Bob Weir - Ace (50th Anniversary Deluxe Edition) Music Album Reviews

Bob Weir - Ace (50th Anniversary Deluxe Edition) Music Album Reviews
Featuring multiple songs that became staples of the Grateful Dead’s live set, the 1972 solo debut by the guitarist and singer gets a deluxe edition with a new mix and some recent live recordings.

In the early 1970s, the Grateful Dead were playing the most exciting music of their long career, writing many of the songs that would sustain them for the next two decades, but they weren’t spending much time in the studio. A newcomer might take a look at their discography between ’70’s American Beauty and ’73’s Wake of the Flood and conclude that the famously stage-centric band had abandoned studio albums entirely: a pair of live records and a solo outing each from singer-guitarists Jerry Garcia and Bob Weir. Though Garcia’s solo debut often sounded like the work of the Dead, and contained several songs that the band would make their own in concert, in practice it was a hermetic affair, with Jerry playing nearly all of the instruments himself. Weir’s, on the other hand, features the full lineup, save for keyboardist Ron “Pigpen” McKernan, still an official member but in ill health at the time.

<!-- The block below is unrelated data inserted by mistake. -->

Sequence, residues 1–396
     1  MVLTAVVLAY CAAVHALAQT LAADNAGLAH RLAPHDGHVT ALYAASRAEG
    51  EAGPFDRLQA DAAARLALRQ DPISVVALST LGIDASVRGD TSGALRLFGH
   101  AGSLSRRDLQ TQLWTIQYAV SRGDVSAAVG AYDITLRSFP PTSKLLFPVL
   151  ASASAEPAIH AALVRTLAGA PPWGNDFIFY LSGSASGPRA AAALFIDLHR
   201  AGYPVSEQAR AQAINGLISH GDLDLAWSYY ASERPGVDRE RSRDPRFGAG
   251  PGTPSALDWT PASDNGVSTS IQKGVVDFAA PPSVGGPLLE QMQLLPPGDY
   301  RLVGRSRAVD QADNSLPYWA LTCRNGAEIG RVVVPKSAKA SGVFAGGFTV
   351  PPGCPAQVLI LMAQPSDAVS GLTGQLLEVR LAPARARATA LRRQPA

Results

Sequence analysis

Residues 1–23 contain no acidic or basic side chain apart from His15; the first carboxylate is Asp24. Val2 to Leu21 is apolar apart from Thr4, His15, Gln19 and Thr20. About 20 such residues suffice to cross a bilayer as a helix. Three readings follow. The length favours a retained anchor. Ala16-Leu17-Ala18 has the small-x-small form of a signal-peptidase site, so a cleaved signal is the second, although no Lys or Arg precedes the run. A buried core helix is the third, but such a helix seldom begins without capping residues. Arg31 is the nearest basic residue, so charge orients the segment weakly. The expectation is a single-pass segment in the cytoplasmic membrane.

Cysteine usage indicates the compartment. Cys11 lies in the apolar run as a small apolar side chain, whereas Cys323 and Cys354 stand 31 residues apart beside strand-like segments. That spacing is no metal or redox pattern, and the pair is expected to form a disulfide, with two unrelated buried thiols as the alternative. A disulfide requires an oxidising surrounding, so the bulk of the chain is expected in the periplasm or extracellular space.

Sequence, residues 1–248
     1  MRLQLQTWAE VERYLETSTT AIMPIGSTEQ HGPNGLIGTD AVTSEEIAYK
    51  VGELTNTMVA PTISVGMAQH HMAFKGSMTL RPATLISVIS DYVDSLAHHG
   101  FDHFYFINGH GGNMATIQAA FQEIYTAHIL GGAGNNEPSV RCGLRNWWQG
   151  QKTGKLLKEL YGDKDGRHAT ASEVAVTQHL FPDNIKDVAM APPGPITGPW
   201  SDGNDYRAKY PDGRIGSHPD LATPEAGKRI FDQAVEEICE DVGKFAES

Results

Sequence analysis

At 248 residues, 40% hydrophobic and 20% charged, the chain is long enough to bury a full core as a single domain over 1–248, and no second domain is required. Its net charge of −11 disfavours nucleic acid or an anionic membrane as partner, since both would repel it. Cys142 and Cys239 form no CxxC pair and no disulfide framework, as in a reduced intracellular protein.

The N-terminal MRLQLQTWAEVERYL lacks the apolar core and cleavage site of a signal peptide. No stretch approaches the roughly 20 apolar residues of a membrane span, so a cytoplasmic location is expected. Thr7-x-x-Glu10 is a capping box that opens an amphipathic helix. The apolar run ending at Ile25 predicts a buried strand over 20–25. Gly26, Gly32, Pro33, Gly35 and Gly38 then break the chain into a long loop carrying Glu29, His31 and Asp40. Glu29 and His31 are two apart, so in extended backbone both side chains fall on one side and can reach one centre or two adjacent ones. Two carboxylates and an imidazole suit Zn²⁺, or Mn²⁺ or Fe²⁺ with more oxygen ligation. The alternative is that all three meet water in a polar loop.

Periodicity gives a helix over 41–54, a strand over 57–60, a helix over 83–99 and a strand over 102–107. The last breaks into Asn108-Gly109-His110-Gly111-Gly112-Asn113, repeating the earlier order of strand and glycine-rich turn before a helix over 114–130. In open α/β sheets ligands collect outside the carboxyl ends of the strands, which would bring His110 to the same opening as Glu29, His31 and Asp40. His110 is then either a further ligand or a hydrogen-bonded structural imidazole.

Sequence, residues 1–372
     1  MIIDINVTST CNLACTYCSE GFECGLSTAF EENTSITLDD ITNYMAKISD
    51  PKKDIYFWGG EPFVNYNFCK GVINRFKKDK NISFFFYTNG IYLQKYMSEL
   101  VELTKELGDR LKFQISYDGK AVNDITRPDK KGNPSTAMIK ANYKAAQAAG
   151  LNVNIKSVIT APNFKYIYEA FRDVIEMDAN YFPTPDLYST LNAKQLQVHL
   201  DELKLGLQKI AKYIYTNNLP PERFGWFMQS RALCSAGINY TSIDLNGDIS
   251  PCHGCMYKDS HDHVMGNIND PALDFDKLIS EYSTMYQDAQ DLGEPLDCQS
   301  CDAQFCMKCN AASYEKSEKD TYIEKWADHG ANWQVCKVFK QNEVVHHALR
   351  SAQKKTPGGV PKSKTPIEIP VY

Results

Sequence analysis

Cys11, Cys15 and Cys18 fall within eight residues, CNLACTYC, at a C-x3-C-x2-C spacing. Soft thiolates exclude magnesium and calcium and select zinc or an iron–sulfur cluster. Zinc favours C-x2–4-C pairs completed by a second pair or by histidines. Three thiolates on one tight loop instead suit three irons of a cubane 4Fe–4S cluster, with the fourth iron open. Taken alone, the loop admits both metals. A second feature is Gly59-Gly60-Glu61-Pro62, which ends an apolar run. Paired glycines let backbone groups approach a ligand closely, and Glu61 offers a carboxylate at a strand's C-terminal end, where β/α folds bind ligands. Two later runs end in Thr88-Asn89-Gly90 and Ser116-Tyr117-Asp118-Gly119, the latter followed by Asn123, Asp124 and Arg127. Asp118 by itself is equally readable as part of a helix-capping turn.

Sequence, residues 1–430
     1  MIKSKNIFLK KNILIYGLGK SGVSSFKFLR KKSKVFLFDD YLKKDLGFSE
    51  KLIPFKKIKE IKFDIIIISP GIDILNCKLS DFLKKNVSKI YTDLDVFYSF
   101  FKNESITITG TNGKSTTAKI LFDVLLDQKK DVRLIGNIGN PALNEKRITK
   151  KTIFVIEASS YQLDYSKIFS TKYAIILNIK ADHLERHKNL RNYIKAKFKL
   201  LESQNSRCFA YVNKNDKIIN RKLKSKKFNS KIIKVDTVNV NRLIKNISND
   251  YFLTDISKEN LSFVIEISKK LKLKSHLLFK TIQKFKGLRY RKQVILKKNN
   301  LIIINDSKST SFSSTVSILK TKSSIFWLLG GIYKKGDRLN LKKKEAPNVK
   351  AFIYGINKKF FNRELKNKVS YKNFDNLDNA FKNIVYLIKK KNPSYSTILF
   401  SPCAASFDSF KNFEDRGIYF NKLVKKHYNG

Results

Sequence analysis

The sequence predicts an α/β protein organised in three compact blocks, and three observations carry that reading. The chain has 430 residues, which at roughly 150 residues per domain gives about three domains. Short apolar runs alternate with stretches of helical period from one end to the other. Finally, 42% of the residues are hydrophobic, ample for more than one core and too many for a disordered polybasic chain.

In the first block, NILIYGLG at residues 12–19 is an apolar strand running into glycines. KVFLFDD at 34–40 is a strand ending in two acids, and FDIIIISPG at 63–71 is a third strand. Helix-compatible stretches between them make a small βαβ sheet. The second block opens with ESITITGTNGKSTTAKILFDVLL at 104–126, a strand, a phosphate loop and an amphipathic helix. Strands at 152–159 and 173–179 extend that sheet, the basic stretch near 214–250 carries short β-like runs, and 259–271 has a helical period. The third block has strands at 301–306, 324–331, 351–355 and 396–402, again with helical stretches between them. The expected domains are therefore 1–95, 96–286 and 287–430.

Just 19 years old at the time of the Dead’s founding in 1965, Weir was the band’s youngest member, and spent its earliest years as a support player, adding shards of harmonic accompaniment to Garcia’s liquid lead guitar lines. Over time, he grew into a sort of second frontman: affable and workmanlike, the guy onto which the audience could project themselves, his easy relatability a natural foil to Garcia’s gnomic mystique. Ace marks Weir’s transition from mere rhythm guitarist to a full-fledged composer and driving force of the band. Despite its origins as a receptacle for surplus Weir material, all of its songs but one became beloved staples of the Dead’s live sets.

Weir was writing songs steadily in the early ’70s: “I got a lot of material, and I just can’t use all of it for the Grateful Dead,” he told a Crawdaddy interviewer months after Ace’s release. But soon after he began working, the other members started showing up, asking if they could contribute: “Everybody gets wind of the fact I got the time booked, and I may be going into the studio. So, one by one, they start coming around, Lesh and Garcia, ‘Hey, man, I hear you got some time booked at Wally Heider’s. Need a bass player? A guitarist?’”